In 1911 things changed. FDR, a diffident attorney, had been recruited as a candidate for the New York State Senate – on the Democratic ticket. With “Uncle” Theodore’s blessing, he leaped at the opportunity, won, and discovered his true calling: politics. His wife shared the interest, insights, and their mutual amusement at Sara’s disdain.
Taking an active part on behalf of Woodrow Wilson in the 1912 election (again with Uncle Theodore’s blessing), he earned himself a position as Assistant Secretary of the Navy when Wilson won. It was a post held 25 years earlier by TR.
They moved to Washington, DC. Without Sara.
The Widening Chasm
While FDR (as he was beginning to be called) slipped easily into his new role, Eleanor was still at loose ends. She was expected to pay and receive social calls, which she considered a pointless waste of time. But her schedule was filled with so many obligatory activities that a part-time social secretary was engaged.
Meanwhile, according to their eldest son James many years later, after their youngest son was born in early 1916, and having done her duty in the procreation department, Eleanor announced that she did not want any more children.
In 1916, birth control was controversial – and even taboo. It had originally been encouraged for those who could not afford the children, let alone the mothers whose health and strength were ebbing quickly. Eleanor was not in that category. Finances were never a problem.
But Eleanor was a conventional woman – then. If a woman did not want children, the only solution was separate rooms, sometimes with a lock on the door.
They were still young. FDR was 34; Eleanor not quite 33. She apparently did not care about the physical intimacy. He, perhaps, felt the void.
Her happiest times were at their summer house on Campobello Island. It was hers to run, sans Sara. FDR joined them from time to time when his duties in Washington permitted. Nevertheless, he was always the “fun” parent; she, the dependable one.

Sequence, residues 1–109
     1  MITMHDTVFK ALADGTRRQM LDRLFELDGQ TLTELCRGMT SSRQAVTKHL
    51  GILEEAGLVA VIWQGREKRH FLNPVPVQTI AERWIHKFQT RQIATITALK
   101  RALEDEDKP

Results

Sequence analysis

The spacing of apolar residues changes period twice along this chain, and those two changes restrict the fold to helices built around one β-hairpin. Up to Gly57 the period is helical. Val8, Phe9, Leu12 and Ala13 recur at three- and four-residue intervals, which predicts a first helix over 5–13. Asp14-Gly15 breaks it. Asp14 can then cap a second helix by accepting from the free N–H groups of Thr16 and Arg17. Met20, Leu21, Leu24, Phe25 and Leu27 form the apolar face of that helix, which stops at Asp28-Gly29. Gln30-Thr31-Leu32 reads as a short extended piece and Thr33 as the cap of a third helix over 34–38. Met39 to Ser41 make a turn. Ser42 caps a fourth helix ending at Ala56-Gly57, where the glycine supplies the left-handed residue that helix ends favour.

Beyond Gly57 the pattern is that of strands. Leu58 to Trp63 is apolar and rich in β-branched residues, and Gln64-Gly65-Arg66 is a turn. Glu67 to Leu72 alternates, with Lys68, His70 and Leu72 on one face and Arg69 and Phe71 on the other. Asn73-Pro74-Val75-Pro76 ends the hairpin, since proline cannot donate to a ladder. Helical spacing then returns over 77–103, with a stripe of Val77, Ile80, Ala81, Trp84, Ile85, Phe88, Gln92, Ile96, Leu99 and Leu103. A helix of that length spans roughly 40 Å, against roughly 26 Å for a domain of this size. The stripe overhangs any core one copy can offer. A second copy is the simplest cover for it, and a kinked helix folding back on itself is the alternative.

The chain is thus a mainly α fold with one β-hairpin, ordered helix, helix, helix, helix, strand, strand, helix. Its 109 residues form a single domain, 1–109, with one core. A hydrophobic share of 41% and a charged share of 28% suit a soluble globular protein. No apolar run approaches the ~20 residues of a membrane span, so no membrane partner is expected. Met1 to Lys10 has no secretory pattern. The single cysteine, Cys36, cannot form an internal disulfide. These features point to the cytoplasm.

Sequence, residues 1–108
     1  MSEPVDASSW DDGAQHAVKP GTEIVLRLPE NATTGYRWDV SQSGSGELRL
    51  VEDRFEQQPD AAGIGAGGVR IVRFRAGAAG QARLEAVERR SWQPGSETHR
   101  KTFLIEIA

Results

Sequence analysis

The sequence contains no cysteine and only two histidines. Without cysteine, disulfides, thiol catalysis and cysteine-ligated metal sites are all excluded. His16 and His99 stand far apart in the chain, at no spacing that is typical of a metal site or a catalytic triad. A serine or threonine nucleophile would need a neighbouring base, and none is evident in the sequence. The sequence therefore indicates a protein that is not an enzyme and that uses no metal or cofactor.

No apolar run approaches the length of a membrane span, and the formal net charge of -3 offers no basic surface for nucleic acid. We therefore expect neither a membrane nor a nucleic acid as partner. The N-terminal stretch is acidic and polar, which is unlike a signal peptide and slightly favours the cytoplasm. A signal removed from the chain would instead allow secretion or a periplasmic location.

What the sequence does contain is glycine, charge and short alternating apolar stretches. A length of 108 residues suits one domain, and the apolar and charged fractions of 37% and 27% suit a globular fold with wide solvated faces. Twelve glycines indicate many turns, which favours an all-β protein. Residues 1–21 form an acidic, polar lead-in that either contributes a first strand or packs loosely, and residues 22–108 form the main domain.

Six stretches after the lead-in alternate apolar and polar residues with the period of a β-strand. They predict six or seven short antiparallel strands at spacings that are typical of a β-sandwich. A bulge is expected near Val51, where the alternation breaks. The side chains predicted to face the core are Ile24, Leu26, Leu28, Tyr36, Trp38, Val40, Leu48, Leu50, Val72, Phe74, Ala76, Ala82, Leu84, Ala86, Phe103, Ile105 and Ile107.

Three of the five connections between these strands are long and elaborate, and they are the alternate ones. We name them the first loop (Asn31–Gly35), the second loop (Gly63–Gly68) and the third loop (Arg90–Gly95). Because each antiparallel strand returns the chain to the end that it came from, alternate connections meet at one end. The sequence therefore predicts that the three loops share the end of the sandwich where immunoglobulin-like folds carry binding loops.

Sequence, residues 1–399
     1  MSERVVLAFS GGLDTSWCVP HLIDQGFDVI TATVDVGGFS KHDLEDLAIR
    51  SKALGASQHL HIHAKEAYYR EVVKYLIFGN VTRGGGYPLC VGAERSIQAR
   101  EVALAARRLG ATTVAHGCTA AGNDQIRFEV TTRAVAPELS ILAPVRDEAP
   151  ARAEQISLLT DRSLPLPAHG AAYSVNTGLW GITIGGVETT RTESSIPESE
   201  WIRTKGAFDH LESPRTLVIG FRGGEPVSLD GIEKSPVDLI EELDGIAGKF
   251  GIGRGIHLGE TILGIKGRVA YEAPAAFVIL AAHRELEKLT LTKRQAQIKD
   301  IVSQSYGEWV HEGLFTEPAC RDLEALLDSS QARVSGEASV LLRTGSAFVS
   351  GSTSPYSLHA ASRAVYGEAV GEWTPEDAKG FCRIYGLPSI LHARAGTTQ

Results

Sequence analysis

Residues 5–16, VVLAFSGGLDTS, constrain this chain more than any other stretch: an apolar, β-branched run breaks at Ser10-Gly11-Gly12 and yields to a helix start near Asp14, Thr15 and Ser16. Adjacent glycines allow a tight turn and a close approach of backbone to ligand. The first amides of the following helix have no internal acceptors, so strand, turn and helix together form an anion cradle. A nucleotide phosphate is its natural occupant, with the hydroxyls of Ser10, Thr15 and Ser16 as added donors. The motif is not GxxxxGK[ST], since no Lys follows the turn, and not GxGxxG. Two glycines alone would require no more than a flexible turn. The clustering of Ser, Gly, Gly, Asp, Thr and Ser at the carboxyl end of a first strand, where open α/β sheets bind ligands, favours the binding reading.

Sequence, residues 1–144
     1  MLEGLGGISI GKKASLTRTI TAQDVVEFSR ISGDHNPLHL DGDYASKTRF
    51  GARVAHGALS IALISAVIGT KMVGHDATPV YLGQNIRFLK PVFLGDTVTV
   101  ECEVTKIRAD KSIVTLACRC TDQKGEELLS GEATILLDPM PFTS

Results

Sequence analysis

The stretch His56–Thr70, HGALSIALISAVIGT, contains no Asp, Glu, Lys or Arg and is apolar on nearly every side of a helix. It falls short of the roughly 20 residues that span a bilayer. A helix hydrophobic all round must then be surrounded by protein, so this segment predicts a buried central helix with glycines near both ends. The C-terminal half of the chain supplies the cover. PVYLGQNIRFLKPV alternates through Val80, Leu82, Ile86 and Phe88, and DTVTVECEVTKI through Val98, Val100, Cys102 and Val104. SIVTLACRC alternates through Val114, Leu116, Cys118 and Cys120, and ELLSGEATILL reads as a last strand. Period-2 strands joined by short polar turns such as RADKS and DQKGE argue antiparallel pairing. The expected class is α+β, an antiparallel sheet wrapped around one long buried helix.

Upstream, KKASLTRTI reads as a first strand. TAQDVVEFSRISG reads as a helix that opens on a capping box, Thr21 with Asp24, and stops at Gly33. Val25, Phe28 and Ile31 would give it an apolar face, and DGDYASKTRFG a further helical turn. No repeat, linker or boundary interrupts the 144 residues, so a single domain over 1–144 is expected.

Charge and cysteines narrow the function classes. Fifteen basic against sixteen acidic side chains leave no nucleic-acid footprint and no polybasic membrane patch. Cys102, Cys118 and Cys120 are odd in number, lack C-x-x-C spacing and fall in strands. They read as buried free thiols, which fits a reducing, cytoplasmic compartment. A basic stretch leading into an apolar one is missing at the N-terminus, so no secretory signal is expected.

The Chasm Erodes
When the War in Europe (WWI) began, and with a half dozen servants to tend to their house and the babies, Eleanor began volunteering some time via her one true-love: being useful. She made sandwiches and poured coffee for departing doughboys, and later assumed management for some of the Red Cross stations. She found it far more fulfilling than the mundane and useless day-to-day social activities she hated but where he was comfortable.
The chasm had been there for a long time. Whether or not they were consciously aware of it, Franklin and Eleanor had grown apart. The lifestyle he enjoyed, she loathed. Her social secretary, Lucy Mercer, still in her early twenties, was pretty, well born, and trained to societal conventions.
Lucy was enchanted by the charming and handsome FDR; he found the young woman an engaging escort when Eleanor was out of town.
It was most likely unintentional, but they fell in love.
- Brands, H.W. – A Traitor to His Class – Doubleday, 2008
- Cook, Blanche Wiesen, Eleanor Roosevelt: Volume One 1884-1933 – Viking Press, 1992
- Perisco, Joseph E. – Franklin & Lucy – Random House, 2001
- Roosevelt, James – A Differing View – Playboy Press, 1976